An unfortunate precedent has been set with the current system, and it is up to some competent people in the NCAA to reverse it. I realize "competent NCAA" is an oxymoron, but I can hope. Until the coaches themselves are punished for fleeing violations, there will be no change in their dirty activities. It is my belief that nearly every major program is dirty within the confines of NCAA restrictions. Either start paying the players or fining the coaches. The current system is faulty, and we will see just how much when they rule on USC.
So what have we learned from all these sports heroes? Men cry more often than we thought? Don't get caught? Money rules everything? I guess the answer is yes.
None of our baseball heroes caught in the steroid scandal would have admitted to cheating unless they had already been caught. None of our "old school" college football coaches would have been fired if they got along with their athletic directors. Tiger Woods wouldn't be losing sponsors if he wasn't such a colossal star that transcends sports. NBA and NFL stars would still be getting slapped on the wrist if it wasn't for the public outcry for serious litigation against rich athletes.
In the end, we do not have a better understanding of right and wrong from this latest public lashing. If the ends justify the means, then the most valuable lessons in athletics have been lost. The greatest teaching tool of human character is obscured by fame, greed, ego, and a faulty system of justice. If the NCAA truly wants to keep athletics pure, then they need to clean their own house. When they do, they can bury USC in the pile of skeletons they will need to shed to illustrate a clear ethical picture.
Thursday, January 14, 2010
Finally! The wild card round of the playoffs is over and we can focus on the teams that really matter. Like the Chargers and Vikings. Why the Vikings? Because they have All Day, Adrian Peterson. That's why.
The first round of the playoffs had three games that were not very competitive, and one game that will be a classic forever. I knew what I was talking about when I said I would not be surprised by any of the winners, considering I missed three of my four picks. I have done pretty well picking NFL games this year, but last week was not what I expected.
If I had one lock for any game last week, it was New England defending their home field. But Baltimore won the game after the first play from scrimmage and made the Patriots look like I described them in my earlier post, The Fall of Ego (that's the first time I have plugged one of my posts, so don't hold it against me). RB Ray Rice has exceeded expectations, and appears to be the spitting image of Jaguars RB Maurice Jones-Drew.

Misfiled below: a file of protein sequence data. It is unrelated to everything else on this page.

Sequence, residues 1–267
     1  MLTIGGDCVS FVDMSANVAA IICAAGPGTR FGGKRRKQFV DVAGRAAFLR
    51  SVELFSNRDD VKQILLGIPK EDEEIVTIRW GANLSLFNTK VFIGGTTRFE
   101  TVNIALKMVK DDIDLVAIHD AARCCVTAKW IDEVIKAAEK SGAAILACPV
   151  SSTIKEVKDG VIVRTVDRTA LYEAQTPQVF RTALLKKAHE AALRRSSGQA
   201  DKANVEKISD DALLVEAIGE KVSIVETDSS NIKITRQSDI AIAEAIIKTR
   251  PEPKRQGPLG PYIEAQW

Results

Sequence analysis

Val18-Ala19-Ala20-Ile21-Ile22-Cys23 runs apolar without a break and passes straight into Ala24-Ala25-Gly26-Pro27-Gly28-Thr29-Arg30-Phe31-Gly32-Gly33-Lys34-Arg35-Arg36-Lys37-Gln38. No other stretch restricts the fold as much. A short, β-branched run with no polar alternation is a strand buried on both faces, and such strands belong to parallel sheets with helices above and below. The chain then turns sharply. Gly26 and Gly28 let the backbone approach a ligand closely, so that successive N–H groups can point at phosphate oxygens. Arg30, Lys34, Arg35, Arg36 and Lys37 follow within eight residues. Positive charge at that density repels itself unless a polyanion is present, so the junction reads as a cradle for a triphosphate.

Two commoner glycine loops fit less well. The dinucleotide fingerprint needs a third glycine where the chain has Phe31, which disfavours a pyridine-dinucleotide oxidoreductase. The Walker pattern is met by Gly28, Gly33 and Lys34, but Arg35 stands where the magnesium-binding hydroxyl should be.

I never thought I would see Tom Brady get beat at home in the playoffs, but I have been waiting a long time for it to happen. I was surprised that I wasn't more excited, but I realized the Chargers might have to play the Ravens in the AFC championship. The Bolts can beat Indianapolis in their sleep but can't figure out Baltimore.
The Jets beat the Bengals on the road, and looked great doing so. If I had any guts I would have picked that game correctly, but I went against my better judgment and took the home team. I guess I forgot that you should never bet on the Bengals. But am I right in thinking that you should never bet on the Jets either?
Just making the playoffs was good enough for Cincy and they decided not to show up for the game. Who really knows how good the Jets are since they keep playing teams that are handing them the win. You wouldn't think it would happen in the playoffs, and it looks really bad for the legacy of QB Carson Palmer.
The Cowboys and Tony Romo finally got over the playoff hump and they have cemented themselves as the sexy pick for the NFC championship. Head coach Wade Phillips is safe for another year, and if I have any Dallas fans reading this, I would like to offer some insight on Phillips. He might not be the tough disciplinarian many want, and it might have taken him a few years to make his mark, but the strength of the Cowboys is their defense which he directs. I can tell you, I loved Phillips when he was the defensive coordinator for the Chargers. He put together the best San Diego defense I ever watched play. You would be wise to give him some credit for the job he did this year, regardless of what happens in Minnesota.
It was back to back poor performances for the Eagles, which is the only thing I did see coming last week. As much as I could not believe that I was taking the Cowboys to win a playoff game, I had less faith in the Eagles to rebound from the poor performance against Dallas the week prior. Eagles fans are ready to get rid of Donovan McNabb, which is Philly for you. A fresh start somewhere else might be a good idea, though. Like say...Minnesota?